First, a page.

The example essays in Kibin's library were written by real students for real classes. This quote shows Hester finally becoming resigned to how much her past defines her, and being at peace with the choices she has made. It's hard to think of a modern day equivalent, because most of us just don't live in communities that have rules like this—but it's basically the same as if Hester proposed going to live on the moon.
Hester's self-reliance and inner strength are further revealed in her defiance of the law and in her iron will during her confrontation with the governor of the colony. What hooks you?
While she might be feeling agony as if "her heart had been flung into the street for them all to spurn and trample upon," her face reveals no such thought, and her demeanor is described as "haughty.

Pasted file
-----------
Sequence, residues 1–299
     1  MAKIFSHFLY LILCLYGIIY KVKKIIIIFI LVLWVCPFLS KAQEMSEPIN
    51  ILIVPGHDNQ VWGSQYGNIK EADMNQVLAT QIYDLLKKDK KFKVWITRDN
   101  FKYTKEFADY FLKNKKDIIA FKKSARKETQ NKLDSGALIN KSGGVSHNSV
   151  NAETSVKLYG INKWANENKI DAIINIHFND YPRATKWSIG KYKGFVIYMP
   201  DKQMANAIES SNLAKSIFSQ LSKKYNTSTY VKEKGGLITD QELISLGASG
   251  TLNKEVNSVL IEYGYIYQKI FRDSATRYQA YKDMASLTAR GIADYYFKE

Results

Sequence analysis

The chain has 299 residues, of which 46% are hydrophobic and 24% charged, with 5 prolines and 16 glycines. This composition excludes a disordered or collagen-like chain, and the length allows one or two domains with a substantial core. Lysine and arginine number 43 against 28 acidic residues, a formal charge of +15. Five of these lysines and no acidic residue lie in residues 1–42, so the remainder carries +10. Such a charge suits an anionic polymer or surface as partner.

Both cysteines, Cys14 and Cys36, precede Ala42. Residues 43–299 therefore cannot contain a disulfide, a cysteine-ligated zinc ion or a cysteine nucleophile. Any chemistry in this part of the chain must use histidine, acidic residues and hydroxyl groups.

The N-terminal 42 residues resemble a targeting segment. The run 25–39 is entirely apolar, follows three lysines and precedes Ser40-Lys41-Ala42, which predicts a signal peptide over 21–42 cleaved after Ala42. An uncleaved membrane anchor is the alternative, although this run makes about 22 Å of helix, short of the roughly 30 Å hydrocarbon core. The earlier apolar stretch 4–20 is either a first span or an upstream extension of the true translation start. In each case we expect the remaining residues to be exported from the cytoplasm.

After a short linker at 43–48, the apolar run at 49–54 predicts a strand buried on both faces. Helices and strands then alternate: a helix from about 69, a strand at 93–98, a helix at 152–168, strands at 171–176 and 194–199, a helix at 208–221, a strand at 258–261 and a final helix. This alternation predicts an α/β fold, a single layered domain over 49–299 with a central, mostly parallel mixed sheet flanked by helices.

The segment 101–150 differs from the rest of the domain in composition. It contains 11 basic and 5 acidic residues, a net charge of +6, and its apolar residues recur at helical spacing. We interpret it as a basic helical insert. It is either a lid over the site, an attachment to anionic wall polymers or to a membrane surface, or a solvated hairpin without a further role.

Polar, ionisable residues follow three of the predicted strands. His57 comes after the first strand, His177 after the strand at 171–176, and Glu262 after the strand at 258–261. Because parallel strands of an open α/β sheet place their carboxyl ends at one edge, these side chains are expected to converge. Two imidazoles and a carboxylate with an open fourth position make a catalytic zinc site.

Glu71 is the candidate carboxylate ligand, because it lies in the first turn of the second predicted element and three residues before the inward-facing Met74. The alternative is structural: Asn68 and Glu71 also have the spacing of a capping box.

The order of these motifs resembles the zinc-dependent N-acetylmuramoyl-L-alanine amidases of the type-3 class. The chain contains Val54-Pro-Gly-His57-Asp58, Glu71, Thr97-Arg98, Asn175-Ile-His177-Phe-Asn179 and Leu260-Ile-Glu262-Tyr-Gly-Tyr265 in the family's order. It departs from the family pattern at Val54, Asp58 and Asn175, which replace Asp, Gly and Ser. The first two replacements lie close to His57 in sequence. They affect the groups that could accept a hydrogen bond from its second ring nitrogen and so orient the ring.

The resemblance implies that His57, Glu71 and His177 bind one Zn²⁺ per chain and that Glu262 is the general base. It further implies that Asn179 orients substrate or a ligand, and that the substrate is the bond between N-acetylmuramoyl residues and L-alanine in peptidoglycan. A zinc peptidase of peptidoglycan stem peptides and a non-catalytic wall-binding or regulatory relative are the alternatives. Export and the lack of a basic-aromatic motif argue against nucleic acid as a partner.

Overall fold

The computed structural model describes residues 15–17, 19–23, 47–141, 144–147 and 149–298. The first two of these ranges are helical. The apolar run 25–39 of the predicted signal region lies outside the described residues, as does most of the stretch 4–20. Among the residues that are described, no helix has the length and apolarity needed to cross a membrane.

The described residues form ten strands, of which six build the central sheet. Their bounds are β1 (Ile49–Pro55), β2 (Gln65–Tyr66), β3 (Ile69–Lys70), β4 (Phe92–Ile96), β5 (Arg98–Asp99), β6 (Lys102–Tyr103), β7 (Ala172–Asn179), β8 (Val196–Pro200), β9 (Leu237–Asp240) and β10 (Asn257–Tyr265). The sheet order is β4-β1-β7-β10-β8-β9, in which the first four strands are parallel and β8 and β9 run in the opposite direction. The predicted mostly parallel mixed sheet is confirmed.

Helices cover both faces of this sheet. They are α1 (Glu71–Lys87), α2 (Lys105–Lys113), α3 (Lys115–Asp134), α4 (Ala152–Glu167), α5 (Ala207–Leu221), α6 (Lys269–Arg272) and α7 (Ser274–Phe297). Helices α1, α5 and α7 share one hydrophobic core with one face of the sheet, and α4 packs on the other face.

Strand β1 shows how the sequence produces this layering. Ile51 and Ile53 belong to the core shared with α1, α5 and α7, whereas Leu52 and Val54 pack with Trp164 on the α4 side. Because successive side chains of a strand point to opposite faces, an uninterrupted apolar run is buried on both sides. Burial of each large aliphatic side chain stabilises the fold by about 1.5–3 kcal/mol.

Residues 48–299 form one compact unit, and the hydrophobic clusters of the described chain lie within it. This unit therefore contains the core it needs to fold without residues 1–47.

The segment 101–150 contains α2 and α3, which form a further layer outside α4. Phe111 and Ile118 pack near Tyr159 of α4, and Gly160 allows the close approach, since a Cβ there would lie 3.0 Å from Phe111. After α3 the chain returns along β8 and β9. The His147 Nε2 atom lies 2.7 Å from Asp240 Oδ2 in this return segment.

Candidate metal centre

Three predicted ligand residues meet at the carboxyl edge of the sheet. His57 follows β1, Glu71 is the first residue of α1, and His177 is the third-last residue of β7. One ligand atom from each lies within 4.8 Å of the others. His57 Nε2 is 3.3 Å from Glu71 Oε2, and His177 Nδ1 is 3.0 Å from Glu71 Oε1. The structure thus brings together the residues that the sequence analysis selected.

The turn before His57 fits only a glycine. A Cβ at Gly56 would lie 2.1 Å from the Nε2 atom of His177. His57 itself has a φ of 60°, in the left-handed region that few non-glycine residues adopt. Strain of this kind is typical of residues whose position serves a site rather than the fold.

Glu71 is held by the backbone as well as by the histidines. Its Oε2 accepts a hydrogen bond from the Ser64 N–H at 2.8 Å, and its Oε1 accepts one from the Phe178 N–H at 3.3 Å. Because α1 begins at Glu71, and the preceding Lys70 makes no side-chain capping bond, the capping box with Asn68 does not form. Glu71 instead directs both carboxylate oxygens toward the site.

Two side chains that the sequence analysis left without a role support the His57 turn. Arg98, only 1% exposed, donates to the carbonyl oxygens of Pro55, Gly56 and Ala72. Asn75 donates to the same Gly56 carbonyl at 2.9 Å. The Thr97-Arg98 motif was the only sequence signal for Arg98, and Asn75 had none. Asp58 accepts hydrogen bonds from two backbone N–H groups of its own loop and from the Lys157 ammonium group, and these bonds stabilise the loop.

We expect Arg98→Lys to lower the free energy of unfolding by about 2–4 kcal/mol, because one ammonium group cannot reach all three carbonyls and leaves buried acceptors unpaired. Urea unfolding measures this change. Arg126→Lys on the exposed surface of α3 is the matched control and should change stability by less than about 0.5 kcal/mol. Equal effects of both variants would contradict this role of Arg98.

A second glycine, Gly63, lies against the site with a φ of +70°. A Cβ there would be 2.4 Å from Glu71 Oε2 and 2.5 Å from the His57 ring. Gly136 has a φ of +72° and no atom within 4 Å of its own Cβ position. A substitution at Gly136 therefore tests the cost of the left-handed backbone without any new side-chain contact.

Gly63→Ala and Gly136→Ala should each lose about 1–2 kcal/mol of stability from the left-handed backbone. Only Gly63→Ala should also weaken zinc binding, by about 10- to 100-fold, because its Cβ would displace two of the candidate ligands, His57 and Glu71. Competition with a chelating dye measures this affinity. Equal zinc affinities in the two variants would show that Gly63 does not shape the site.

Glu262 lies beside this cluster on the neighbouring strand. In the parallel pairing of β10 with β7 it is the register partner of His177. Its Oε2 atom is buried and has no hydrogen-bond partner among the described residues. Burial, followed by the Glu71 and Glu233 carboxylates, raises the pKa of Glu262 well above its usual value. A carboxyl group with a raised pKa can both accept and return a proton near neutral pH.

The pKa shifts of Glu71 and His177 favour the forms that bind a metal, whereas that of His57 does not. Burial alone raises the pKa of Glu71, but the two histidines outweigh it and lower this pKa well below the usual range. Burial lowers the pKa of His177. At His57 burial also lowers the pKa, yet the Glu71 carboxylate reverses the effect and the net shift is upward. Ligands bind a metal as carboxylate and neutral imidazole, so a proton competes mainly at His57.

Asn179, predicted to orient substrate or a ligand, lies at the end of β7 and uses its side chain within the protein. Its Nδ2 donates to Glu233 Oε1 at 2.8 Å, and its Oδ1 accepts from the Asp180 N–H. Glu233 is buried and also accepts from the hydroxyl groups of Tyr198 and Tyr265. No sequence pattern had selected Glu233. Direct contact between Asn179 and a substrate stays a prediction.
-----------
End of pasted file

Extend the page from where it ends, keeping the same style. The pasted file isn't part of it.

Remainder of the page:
Hester is able to regain a sense of agency by voluntarily choosing to re-enter the community, and wearing the scarlet letter by choice rather than out of obligation. The minister calls on her to give him strength to overcome his indecisiveness twice in the forest and again as he faces his confession on Election Day.
She has nothing but her strength of spirit to sustain her. Do you A Leave town in the middle of the night; B Go up to the Governor and flip over his table; C Stay in town and resolve to use the "torture of [your] daily shame" to "at length purge [your] soul" 5.
Chapter 24 In this quote, the narrator explains what happens when Hester returns to New England years after the death of Dimmesdale. Hester, on the other hand, wanted to stay in the town which she called home.
She who has once been woman, and ceased to be so, might at any moment become a woman again, if there were only the magic touch to effect the transformation.